Oak Ridge National Lab brings 9,000 gallons of stream water indoors to study toxic mercury

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Water from local creeks now flows through these simulated streams in the Aquatic Ecology Laboratory, providing new opportunities to study mercury pollution and advance solutions. Source: ORNL, U.S. Dept. of Energy

OAK RIDGE, Tenn. (WATE) — Oak Ridge National Laboratory is rerouting water from local streams to better understand mercury pollution.

The lab is using nearly 9,000 gallons of stream water in a controlled, simulated stream bed in their lab to study the complex microbial communities in the water. The microbes in streams are responsible for mercury’s change into toxic methylmercury.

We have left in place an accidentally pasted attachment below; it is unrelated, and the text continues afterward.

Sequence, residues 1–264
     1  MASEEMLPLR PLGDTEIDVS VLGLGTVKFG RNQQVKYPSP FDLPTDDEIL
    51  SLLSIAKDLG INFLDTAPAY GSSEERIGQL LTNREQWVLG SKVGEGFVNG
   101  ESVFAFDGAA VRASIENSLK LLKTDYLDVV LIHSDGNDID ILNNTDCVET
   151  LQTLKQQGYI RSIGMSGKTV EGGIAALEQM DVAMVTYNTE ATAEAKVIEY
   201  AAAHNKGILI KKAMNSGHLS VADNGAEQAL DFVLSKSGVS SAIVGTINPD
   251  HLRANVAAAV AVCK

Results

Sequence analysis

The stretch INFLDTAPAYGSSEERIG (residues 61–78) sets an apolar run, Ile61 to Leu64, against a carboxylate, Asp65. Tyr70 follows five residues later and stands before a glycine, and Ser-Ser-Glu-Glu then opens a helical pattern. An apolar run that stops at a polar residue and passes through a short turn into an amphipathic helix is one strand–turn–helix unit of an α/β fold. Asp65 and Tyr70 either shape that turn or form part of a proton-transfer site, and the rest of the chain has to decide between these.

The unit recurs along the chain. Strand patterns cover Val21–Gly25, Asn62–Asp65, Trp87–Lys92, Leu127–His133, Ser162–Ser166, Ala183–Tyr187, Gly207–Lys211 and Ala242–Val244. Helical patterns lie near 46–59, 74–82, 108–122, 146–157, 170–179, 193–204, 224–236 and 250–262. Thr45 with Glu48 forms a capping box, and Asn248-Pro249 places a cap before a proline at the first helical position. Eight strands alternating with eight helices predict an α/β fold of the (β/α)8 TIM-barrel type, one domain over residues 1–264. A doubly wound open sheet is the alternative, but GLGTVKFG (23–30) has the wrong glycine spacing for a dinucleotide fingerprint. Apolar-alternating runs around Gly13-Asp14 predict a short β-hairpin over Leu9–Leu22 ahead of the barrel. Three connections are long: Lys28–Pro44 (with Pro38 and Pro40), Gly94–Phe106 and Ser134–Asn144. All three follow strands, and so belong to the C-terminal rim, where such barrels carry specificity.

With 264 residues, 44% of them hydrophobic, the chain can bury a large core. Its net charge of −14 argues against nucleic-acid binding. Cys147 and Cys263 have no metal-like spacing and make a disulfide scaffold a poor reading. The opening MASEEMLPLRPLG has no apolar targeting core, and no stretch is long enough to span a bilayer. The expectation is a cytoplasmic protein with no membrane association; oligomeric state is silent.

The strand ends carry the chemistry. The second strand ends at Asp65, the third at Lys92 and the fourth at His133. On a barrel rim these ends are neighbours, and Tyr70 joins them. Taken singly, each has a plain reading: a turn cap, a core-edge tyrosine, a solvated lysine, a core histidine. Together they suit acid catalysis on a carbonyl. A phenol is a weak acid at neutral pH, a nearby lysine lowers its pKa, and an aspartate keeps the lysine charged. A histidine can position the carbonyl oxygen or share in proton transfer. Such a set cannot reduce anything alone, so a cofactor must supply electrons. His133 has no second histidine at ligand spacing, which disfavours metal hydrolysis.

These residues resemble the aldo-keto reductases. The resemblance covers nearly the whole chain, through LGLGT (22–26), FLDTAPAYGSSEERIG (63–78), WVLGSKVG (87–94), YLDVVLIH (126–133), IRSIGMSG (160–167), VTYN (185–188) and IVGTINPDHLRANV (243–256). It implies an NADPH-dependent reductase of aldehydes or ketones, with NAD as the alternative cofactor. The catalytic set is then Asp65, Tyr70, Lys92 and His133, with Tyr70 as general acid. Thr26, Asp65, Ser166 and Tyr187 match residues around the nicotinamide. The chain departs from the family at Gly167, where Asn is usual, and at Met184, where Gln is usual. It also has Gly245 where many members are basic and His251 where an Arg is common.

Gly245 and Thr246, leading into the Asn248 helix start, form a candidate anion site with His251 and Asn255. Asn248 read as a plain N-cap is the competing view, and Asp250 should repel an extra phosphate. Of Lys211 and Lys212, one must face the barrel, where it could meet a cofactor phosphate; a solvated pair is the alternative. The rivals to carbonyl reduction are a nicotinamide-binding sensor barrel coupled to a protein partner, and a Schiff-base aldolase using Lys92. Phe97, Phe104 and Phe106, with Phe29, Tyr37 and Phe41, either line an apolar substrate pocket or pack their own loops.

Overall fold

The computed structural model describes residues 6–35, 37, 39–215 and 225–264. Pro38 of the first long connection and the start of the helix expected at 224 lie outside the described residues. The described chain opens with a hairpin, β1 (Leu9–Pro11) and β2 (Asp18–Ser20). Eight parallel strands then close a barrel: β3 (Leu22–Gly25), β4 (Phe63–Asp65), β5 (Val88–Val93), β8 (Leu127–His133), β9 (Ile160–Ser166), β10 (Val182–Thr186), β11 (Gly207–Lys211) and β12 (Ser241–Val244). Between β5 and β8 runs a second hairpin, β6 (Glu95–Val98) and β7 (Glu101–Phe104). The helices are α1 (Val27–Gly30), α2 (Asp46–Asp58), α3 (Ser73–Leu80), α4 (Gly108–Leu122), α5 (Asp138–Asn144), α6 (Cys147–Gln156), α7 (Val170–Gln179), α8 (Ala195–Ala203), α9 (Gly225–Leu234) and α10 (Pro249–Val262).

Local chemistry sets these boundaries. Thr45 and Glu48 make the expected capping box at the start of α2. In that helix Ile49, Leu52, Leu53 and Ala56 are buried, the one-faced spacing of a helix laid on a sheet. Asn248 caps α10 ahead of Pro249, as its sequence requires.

More than 2,200 metric tons of mercury are emitted worldwide each year. Much of it gets washed into waterways where it turns into methylmercury and is ingested by fish and shellfish.

Lab researchers are hoping to find a way to contain mercury, remove it and disrupt its transformation in the environment.

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